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Wednesday, 14 June, 2000, 18:36 GMT 19:36 UK
Farmer appeals against conviction
Tony Martin
Tony Martin: Taking one day at a time
Tony Martin, the Norfolk farmer jailed for murdering a burglar and injuring his accomplice, is to begin an appeal against his conviction next Monday.

The Court of Appeal is to consider allegations that members of the jury at Martin's trial were intimidated by "heavies" in the courtroom, and were misdirected by the judge's summing-up.

Martin, 55, was found guilty in April of murdering teenage burglar Fred Barras, 16, and wounding his accomplice Brendan Fearon, 30, with a shotgun.

Announcing news of the appeal on Wednesday, Martin's solicitor, Nick Makin, said the farmer was pleased the appeal procedure was finally beginning.

"He is very frustrated at being in prison and he is looking forward to getting out," said Mr Makin.

Fred Barras
Fred Barras: Died from gun wounds
"He wants to get the hearing over and done with and get on with the main appeal.

"The Court of Appeal on Monday will consider whether or not to allow the jury to be examined in that appeal."

Mr Makin told BBC News Online he hoped Monday's hearing would produce two results.

"We are hoping the court will order a police investigation into the allegations of jury intimidation.

"And secondly we hope they will make directions for a swift appeal."

But Professor Michael Zander, legal expert at the London School of Economics, said it was "inconceivable" that the court would grant permission for jurors to give evidence in the witness box.

"The only possibility is that the court would accept an affidavit from jurors. But even that would be surprising."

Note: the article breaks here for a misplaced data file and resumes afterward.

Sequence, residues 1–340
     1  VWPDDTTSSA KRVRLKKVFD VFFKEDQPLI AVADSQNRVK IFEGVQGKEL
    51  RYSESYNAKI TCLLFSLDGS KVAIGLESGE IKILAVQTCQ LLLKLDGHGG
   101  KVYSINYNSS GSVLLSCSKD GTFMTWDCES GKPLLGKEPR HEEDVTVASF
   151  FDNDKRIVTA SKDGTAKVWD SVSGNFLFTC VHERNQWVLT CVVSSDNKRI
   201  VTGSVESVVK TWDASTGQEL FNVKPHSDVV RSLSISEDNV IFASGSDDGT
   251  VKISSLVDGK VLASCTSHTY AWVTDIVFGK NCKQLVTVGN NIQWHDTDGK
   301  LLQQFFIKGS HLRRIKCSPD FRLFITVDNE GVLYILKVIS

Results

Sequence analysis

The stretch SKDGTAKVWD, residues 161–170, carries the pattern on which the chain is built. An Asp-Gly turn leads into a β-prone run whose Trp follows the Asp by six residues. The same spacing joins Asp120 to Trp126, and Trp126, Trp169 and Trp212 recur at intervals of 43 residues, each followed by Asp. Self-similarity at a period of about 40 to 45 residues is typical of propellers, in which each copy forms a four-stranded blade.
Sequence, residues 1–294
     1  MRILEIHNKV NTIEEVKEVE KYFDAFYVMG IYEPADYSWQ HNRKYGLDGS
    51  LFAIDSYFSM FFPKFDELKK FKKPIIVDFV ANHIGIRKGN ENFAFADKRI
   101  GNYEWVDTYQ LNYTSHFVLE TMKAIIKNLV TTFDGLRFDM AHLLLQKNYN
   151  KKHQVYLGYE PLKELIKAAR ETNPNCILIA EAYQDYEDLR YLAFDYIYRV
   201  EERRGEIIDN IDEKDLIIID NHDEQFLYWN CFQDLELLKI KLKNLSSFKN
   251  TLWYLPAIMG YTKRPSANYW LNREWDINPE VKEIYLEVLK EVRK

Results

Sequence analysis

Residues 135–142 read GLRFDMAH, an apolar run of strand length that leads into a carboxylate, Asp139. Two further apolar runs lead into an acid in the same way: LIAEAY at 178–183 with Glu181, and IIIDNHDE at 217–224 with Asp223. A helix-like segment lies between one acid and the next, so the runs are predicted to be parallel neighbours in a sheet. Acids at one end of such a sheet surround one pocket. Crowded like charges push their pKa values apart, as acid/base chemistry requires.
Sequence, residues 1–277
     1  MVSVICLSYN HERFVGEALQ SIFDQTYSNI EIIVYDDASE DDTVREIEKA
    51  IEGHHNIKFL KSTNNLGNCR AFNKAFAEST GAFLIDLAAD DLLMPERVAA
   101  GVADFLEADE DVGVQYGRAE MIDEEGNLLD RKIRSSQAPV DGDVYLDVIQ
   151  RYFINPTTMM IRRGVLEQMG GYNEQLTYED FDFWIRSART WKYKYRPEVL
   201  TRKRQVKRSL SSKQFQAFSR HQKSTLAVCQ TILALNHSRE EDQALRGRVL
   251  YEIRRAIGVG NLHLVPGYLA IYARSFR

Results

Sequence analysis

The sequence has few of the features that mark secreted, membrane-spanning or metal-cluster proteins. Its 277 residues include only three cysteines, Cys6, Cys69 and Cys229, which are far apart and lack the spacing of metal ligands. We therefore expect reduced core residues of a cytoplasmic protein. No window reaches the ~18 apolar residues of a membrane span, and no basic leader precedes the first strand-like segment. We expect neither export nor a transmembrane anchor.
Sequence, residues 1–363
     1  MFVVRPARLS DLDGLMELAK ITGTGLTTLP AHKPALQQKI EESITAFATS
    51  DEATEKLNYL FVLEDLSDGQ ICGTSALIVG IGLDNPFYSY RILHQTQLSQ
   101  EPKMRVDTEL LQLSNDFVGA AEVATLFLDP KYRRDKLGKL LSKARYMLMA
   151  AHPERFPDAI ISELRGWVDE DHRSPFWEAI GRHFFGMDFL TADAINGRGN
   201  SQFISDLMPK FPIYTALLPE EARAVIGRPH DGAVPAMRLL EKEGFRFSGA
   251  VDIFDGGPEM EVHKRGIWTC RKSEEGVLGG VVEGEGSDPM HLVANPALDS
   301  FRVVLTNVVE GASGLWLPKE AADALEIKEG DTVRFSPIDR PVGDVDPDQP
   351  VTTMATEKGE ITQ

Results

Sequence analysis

Martin's defence team argues that a fair trial was not possible because there was an atmosphere of intimidation for jurors and witnesses.

Death 'regrettable'

Martin, of Bleak House, Emneth Hungate, near Emneth, Norfolk, was sentenced to life imprisonment after being convicted by a 10-2 majority at the end of an eight-day trial at Norwich Crown Court in April.

He was also convicted of wounding Fearon, also of Newark, with intent to cause grievous bodily harm.

The farmer was cleared of attempting to murder Fearon and of possessing a pump-action shotgun with intent to endanger life.

Jurors heard the burglars had been shot after breaking into Martin's isolated home late at night in August.

Barras had been shot in the back and Fearon in the groin.

The farmer, who claimed he had fired in self-defence, has since described the death of Barras as "regrettable" and says he had not intended to kill him.

The case provoked widespread debate over issues of self-defence and rural policing.

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26 Apr 00 | UK Politics
Hague backs right to defend homes
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